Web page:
Esophageal Cancer Clinical Trial
Radiation Therapy for the Treatment of Metastatic Gastrointestinal Cancers
This phase II trial studies how well radiation therapy works for the treatment of gastrointestinal cancer that are spreading to other places in the body (metastatic). Radiation therapy uses high energy x-rays to kill cancer cells and shrink tumors. This trial is being done to determine if giving radiation therapy to patients who are being treated with immunotherapy and whose cancers are progressing (getting worse) can slow or stop the growth of their cancers. It may also help researchers determine if giving radiation therapy to one tumor can stimulate the immune system to attack other tumors in the body that are not targeted by the radiation therapy.
I. To determine whether radiation therapy can convert overall response rates from progressive disease to stable or responsive disease as measured by Response Evaluation Criteria in Solid Tumors (RECIST) version (v.) 1.1.
I. To define overall response rate by immune-Modified Response Evaluation Criteria in Solid Tumors (iRECIST) criteria.
II. To determine time to progression. III. To determine overall survival. IV. To determine local control in radiated lesion(s). V. To characterize the effect of distant radiation on unirradiated target lesions.
VI. To describe the incidence of new metastatic lesions. VII. To determine treatment safety by Common Terminology Criteria for Adverse Events (CTCAE) v. 5.0.
VIII. To describe time to new systemic therapy.
I. To define radiation-induced effects on circulating immune cells. II. To describe remodeling of the circulating T cell repertoire by deep sequencing of variable, diversity and joining (VDJ) regions of T cell receptors (TCRs).
III. To describe changes in circulating tumor deoxyribonucleic acid (DNA) (ctDNA).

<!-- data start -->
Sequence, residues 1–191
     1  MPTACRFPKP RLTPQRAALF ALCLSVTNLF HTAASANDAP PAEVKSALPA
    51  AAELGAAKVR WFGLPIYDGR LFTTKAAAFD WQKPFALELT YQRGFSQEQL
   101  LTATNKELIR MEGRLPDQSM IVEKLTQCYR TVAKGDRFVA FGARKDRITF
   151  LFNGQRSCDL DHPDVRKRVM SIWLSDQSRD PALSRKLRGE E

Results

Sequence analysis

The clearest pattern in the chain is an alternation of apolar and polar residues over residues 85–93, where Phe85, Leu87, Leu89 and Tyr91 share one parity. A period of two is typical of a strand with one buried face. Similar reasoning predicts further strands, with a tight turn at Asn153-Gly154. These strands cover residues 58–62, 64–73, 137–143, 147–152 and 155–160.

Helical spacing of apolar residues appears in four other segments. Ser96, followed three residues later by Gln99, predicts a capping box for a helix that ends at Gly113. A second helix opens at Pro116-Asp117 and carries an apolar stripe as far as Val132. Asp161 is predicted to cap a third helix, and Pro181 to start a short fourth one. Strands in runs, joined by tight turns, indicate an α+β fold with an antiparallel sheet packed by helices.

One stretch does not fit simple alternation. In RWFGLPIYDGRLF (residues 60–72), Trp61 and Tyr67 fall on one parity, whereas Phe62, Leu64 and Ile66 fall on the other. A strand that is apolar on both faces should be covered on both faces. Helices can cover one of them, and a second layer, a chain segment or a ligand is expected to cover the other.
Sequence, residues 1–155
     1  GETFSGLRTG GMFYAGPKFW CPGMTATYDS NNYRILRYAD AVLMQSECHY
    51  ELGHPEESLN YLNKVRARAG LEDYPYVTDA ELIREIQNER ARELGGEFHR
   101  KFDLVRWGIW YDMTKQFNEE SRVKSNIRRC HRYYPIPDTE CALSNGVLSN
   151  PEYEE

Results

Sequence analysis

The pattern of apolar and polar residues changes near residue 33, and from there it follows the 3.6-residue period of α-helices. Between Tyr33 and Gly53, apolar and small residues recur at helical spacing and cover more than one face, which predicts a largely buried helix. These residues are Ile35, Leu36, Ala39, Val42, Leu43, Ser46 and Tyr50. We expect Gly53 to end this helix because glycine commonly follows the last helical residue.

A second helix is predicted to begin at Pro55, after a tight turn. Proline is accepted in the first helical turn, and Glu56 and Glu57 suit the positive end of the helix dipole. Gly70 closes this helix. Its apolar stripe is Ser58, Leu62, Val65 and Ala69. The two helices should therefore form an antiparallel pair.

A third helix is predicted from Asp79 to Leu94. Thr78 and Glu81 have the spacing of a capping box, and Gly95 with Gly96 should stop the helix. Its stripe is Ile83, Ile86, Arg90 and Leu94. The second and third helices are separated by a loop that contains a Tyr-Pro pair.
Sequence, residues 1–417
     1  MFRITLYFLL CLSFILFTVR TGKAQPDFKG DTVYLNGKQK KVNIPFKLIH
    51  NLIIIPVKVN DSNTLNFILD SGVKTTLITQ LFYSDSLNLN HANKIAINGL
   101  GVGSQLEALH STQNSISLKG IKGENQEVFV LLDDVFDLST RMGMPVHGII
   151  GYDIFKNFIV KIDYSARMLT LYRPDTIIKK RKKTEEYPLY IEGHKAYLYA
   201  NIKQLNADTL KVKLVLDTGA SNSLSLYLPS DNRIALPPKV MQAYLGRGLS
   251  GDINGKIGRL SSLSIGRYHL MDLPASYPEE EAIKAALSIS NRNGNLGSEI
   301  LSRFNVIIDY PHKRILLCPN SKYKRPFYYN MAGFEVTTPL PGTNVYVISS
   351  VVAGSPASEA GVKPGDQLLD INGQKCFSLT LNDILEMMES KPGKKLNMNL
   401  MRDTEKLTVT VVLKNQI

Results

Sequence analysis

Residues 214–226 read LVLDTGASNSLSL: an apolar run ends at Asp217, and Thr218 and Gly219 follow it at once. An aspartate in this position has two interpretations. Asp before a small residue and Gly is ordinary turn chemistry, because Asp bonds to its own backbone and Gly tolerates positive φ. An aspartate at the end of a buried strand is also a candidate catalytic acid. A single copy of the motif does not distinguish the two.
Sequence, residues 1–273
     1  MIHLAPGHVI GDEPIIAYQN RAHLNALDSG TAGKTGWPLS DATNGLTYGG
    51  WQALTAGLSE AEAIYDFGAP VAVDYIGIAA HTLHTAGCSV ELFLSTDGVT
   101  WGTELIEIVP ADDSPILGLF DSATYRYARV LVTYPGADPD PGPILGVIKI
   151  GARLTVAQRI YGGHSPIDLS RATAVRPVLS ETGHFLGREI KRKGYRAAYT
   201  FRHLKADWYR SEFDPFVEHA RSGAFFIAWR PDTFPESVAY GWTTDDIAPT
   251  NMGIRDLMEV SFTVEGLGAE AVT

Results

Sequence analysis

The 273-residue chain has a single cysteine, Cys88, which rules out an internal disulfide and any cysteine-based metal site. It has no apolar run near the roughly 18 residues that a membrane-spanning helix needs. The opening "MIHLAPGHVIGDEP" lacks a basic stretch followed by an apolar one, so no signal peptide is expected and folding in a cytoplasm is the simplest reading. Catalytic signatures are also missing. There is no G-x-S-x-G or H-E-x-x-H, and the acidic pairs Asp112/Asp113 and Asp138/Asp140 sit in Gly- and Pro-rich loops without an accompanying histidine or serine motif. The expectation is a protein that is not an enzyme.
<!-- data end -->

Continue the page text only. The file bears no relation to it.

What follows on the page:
Patients undergo radiation therapy for a total of 5 treatments over 5-9 calendar days in the absence of disease progression or unacceptable toxicity.
After completion of study treatment, patients are followed up at 14 day, 6 months, and then up to 36 months.
Patients must have a histologically, cytologically, or radiographically confirmed metastatic gastrointestinal (GI) malignancy (esophageal, gastroesophageal, gastric, small intestine, hepatocellular, pancreaticobiliary, colorectal, or anal cancer).
Patients must be receiving immunotherapy (checkpoint inhibitor or CTLA4 inhibitor) with overall response of progressive disease by RECIST criteria.
Patients must have at least two metastases which are individually progressing as per RECIST criteria, one of which can be safely unirradiated as adjudicated by the treating radiation oncologist (e.g. lesions for which small increases in dimensions are unlikely to precipitate significant symptoms).
Patients must have 1-5 sites of disease meeting standard-of-care indications for palliative radiation therapy as adjudicated by the treating radiation oncologist. For example:
Symptomatic disease causing pain, bleeding, dyspnea, dysphagia, or nausea
At-risk for neurologic, respiratory, cardiovascular, gastrointestinal, musculoskeletal, or hepatobiliary compromise
Evaluation by a radiation oncologist within 28 days of study registration.
Must have adequate organ function to administer radiation therapy and immunotherapy as per standard of care.
Age >= 18 years.
Life expectancy exceeding 6 months.
Eastern Cooperative Oncology Group (ECOG) 0-2 or Karnofsky performance status >= 50.
Radiation therapy is known to be teratogenic and therefore women of child-bearing potential and men must agree to use adequate contraception (hormonal or barrier method of birth control) prior to study entry and for the duration of radiation therapy. Should a woman become pregnant or suspect she is pregnant while she or her partner is participating in this study, she should inform her treating physician immediately. Men treated or enrolled on this protocol must also agree to use adequate contraception prior to the study and for 3 months after completion of radiation therapy. Contraception requirements during the follow-up period of 6 months will be according to standard of care for immunotherapy administration.
a. If a woman is of child-bearing potential, a negative pregnancy test within 28 days prior to study enrollment is required.
Ability to understand a written informed consent document, and the willingness to sign it.
Enrollment on immunotherapy clinical trial for which radiation therapy is not permitted.
Administration of radiation therapy within 4 weeks prior to study enrollment.
Treatment with systemic corticosteroids or other immunosuppressive medications which would significantly diminish the effect of immunotherapy as judged by the treating physician.
Radiation therapy is contraindicated as adjudicated by the radiation oncologist.
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